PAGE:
5. Don’t talk about it, do it. Enough said.

6. Talk about it after you’re done. Part 1. Have a hansei discussion right after an A3 deployment to talk about what worked and what didn’t, and write it down on the A3 that’s posted. That way you won’t be reinventing the wheel in the future. Remember that about 80 percent of a firm’s knowledge exists between someone’s ears!

7. Talk about it after you’re done. Part 2. After the hansei discussion, you’ll want to talk about A3’s success with the rest of the organization. Put it in the employee newsletter, the Lean newsletter, the corporate website, wherever you can. What you’re doing is making sure that as many people as possible know about your Lean successes.

8. Discard conventional fixed ideas. Part of problem solving is thinking outside of the box. Encourage people to think this way and not in the same old way that got them into the problem to begin with!

9. Think about how to do it, not why it can’t be done. I often hear, “We tried that before and it didn’t work.” They may have had a good idea, but the chances are that they didn’t include the accountability portion. Without accountability, you will not have sustainability. Make someone accountable and avoid the “flavour of the month.”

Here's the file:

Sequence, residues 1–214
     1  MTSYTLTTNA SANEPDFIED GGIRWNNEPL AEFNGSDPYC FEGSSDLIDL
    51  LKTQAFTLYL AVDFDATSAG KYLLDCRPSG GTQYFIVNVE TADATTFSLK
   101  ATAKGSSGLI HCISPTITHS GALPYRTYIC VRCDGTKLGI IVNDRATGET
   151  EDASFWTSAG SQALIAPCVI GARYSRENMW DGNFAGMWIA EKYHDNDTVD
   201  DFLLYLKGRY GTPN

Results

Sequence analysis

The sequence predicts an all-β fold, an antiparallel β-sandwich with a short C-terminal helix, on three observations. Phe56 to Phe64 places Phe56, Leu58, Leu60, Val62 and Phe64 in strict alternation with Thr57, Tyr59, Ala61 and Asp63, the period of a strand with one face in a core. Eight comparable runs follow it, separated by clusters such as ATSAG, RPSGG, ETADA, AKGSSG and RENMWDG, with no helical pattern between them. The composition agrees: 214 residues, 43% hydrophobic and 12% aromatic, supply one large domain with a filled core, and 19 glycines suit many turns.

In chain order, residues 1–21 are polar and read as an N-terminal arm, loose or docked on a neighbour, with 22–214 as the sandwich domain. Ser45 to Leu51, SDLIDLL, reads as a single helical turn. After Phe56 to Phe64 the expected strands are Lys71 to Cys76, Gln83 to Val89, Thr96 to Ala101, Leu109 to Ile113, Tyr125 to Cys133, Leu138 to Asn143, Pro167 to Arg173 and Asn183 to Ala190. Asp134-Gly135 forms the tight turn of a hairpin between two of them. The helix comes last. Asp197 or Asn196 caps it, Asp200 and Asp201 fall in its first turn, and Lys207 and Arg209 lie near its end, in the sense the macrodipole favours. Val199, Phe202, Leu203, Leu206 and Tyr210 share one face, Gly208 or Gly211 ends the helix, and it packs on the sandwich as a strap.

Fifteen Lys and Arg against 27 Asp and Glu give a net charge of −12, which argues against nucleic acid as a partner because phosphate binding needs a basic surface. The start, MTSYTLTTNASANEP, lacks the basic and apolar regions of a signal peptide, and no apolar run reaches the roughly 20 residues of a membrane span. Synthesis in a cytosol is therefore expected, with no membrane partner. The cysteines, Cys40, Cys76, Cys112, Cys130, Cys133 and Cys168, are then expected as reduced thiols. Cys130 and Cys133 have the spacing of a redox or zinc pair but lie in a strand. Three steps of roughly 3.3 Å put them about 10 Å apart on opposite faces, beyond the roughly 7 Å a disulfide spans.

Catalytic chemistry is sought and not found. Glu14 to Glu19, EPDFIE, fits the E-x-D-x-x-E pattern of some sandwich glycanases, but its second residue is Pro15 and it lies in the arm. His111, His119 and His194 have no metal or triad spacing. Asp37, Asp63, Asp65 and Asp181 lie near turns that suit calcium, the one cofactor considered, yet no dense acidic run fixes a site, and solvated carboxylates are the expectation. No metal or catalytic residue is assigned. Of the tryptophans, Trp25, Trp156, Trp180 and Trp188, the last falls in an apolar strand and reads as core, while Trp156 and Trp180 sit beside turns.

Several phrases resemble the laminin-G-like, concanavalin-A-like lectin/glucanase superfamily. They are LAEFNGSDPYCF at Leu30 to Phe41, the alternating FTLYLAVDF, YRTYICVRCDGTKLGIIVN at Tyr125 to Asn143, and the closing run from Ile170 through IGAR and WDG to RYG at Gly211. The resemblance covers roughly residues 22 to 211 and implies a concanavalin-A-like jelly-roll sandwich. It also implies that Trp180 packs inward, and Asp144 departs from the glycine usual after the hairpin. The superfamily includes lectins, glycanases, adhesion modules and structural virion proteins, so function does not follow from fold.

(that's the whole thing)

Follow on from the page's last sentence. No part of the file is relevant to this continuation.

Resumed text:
10. We don’t have bad people, just bad processes. For the most part, this is true. By concentrating on the process and building continuous improvement there, you will have the culture change that you’re looking for.

11. Do not seek perfection. Do it right away. Taiichi Ohno used to regularly nag at people not to let a quality problem “escape” to the next customer. You’ve got to stop what you’re doing, put a countermeasure on it and do it right away.

12. Correct mistakes immediately. Similar to the above point, you’ve got to fix mistakes immediately. Don’t wait for the next shift to do it. Don’t wait for the weekend to do it. Don’t wait for maintenance to do it.